Tuesday, August 17, 2010

Four birthdays, four moments of grace

I celebrated my 57th birthday on Friday with family and a group of friends amidst garden greenery and handcrafted beer, with the meteors of Perseid streaking overhead. It was an evening of grace—which happens to be a subject we kicked around in conversation for a while. Ellen read a beautiful selection from Frederick Buechner’s “Alphabet of Grace.” Several people spoke movingly about their personal experience of grace. One friend mentioned to me as she was leaving that she’s always had a hard time accepting grace because of how she was raised. No one, it seems, is untouched by the subject. In a world that is choked with ungrace, we tend to know grace when we see it, even if we can’t adequately describe it. For a few hours that evening, grace settled in its typically intoxicating fashion upon our home.

The grace extended to me by others encourages me, in turn, to extend grace whenever I can. It builds up my spiritual coffers. There is no greater expression of grace than the gift of salvation granted by God through his son, Jesus. This is what we’re remembering when we sing Amazing Grace—perhaps the most frequently performed song of the past hundred years. I may not deserve God’s love and gift of eternal life any more than I deserve the affection of friends, yet I gratefully receive them both. I am graced by them. It’s amazing indeed that by grace we can discover reconciliation and peace in this world. By God’s power, we are given the capacity and the desire to pass grace to others.

I saw another demonstration of this truth on Sunday when our church put on a 90th birthday celebration for one of its white-haired saints. Frances and her husband were among the founders of Calvin Presbyterian more than 50 years ago, and she has served the church diligently ever since. I have become friends with Frances by being part of a small team of men who once a month spend a few hours at her home helping with small chores. Frances lives alone, and would like to stay where she is for as long as she can. Our objective is to help make that possible by attending to tasks she’s no longer physically able to do herself (try as she might). It’s not work that breaks a sweat, and yet it’s a huge service to this wonderful lady. She never fails to express her appreciation for what we do. She was slightly abashed by the reception we put on in her honor, but I think she was also secretly tickled by it.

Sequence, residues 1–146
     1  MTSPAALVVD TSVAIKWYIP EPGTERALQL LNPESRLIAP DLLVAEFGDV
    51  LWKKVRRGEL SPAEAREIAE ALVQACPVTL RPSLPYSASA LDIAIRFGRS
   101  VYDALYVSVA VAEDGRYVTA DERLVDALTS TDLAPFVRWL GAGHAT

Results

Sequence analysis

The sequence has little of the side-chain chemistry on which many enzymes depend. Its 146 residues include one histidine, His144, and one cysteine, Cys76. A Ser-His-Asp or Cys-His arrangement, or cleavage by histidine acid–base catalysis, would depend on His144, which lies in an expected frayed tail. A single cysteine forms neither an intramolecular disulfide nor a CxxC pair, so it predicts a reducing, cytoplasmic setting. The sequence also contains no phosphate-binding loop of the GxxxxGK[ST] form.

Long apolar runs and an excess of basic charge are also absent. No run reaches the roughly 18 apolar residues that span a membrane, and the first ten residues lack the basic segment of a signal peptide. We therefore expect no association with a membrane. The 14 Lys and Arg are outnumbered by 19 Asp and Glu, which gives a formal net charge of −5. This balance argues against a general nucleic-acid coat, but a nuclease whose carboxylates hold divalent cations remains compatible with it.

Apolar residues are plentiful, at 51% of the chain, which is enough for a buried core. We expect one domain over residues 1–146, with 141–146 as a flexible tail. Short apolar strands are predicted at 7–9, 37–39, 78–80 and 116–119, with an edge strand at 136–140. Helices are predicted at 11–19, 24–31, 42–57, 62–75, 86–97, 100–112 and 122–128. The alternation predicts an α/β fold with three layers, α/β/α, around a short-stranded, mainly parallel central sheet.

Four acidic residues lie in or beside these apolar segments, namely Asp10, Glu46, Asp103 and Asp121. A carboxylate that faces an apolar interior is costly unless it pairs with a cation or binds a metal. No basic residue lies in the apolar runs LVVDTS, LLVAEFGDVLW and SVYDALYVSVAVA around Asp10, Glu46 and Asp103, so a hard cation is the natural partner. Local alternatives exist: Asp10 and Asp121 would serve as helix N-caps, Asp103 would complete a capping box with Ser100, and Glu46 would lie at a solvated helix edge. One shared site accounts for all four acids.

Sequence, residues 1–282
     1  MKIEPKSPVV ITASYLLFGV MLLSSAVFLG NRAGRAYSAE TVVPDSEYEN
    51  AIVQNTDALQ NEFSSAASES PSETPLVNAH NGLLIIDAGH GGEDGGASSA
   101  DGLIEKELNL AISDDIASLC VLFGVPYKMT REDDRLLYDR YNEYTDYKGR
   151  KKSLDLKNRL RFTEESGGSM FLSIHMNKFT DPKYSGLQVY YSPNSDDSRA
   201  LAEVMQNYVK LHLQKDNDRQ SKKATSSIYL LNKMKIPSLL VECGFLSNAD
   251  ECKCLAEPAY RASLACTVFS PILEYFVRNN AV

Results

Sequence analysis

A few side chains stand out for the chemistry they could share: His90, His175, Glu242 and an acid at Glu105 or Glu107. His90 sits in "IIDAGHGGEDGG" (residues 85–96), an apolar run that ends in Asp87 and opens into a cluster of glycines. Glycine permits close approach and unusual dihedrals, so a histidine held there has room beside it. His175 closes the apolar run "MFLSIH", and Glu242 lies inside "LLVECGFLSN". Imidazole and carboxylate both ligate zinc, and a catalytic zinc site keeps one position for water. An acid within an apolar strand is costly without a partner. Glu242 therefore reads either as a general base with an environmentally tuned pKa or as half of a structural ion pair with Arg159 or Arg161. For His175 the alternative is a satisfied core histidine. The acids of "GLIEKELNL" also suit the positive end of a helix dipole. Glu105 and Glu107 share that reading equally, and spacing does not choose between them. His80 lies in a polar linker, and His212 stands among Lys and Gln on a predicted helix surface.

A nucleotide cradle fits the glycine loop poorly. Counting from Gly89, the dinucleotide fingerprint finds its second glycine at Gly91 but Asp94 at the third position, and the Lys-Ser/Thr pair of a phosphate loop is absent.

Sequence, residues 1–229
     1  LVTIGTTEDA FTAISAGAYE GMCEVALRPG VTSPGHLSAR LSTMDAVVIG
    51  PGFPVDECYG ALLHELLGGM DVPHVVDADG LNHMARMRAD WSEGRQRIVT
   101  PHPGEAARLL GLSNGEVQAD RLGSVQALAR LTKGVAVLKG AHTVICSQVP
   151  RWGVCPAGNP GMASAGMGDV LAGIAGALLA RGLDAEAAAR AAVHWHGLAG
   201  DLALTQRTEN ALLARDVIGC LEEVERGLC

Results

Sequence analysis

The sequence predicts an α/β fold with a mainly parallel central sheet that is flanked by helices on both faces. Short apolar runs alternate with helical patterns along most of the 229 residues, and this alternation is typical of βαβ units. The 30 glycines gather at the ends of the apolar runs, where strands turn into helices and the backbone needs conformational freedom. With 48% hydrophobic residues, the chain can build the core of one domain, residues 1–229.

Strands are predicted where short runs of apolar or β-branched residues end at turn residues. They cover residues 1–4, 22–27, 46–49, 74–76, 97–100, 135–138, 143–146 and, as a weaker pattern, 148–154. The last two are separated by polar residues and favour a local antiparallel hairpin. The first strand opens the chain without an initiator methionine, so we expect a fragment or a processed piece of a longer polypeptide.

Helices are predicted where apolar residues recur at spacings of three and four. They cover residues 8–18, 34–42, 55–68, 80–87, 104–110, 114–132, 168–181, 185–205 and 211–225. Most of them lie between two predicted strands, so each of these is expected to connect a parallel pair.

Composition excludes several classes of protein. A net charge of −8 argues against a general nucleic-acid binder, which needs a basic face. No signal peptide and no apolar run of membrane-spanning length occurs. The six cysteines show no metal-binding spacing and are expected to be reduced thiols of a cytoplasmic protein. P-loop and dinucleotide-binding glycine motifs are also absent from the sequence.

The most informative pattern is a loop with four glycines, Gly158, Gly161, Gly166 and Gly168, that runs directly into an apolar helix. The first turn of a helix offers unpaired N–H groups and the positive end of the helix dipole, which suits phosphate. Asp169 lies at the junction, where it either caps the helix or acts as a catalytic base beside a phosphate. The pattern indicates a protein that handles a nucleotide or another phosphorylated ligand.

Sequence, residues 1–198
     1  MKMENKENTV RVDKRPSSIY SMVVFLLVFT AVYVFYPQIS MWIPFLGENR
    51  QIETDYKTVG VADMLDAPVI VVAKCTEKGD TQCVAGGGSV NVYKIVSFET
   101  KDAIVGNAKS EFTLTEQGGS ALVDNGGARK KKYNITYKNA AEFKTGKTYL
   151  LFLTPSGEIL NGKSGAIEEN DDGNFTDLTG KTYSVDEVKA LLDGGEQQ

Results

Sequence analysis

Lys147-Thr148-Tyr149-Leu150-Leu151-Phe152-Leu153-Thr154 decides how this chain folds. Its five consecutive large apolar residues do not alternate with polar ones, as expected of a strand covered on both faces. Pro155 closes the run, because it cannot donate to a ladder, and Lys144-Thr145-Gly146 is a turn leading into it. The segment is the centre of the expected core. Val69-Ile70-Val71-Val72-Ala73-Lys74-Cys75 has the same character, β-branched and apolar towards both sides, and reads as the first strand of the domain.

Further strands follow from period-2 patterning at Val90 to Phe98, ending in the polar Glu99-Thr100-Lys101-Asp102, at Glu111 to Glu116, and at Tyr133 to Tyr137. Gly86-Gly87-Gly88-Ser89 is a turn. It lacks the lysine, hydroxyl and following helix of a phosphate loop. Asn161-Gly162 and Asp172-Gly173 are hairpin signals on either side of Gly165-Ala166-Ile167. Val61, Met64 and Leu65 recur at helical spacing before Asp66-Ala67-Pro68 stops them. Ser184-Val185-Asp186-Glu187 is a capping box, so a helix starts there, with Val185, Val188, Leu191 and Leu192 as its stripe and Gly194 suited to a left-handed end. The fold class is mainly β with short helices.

The arrangement we have with Frances is not your typical donor-recipient relationship. In God’s economy, it’s not always clear who’s getting and who’s giving. We are all blessed when needs are met and when an individual receives care. When the chips are down, I have no hang-up personally about being on the receiving end of this kind of transaction. The Golden Rule is a divinely inspired form of social reciprocity. If we can accept grace from God, then we can learn to accept it also from his children. We are all—every one of us—worthy of this gift.

The third birthday party I want to describe occurred about three years ago as Ellen was getting to know a young Salvadoran woman in the Acorn neighborhood who had come to our English classes. Rosa (not her real name) is sweet and vulnerable, but she’s also gone through the hell of migrating to the U.S. from El Salvador—twice—where she grew up in an abusive family. She has witnessed the brutality and criminality of Salvadoran life. When Ellen learned that Rosa had never had a birthday party, she decided that it was high time she did. So on her next birthday, we arranged for her husband to keep her away from their apartment long enough that we could decorate it and get a birthday cake and snacks ready. Then, at the appointed moment, she experienced for the first time the thrilling surprise of walking into a room of friends there to celebrate her presence in the world. Rosa’s eyes filled with tears as she hugged each of us. Grace poured down upon us all.

Finally, here’s a link to a dramatic story about grace told by Christian professor and sociologist Tony Campolo. No one tells a story with more flair than this guy, a true “red-letter Christian.” Having received God’s grace, Campolo too has been made an agent of grace to people he meets, including prostitutes in a greasy-spoon cafĂ©.

I tell these stories because birthdays, and other special occasions like births, deaths, weddings, and anniversaries, provide us with frequent opportunities to set grace free—without drawing a lot of attention to ourselves. Nothing spoils faster than raw meat left out in the sun and grace for which we seek credit. It’s possible to orchestrate grace, but it often just happens when we simply attempt to bring joy to others. If grace is to multiply in this world, then we should look for it, receive it, and share it, without expectation. I will never receive a better gift than simply seeing Rosa as she walked into her apartment that day, or watching Frances on Sunday as others acknowledged her life of service. The graces that Ellen and I have received through various physical challenges have, likewise, filled our hearts with gratitude. When grace comes, I believe we’re seeing through the veil into heaven. It’s like a birthday party for us all that never ends.

1 comment:

Anonymous said...

Amen and Amen!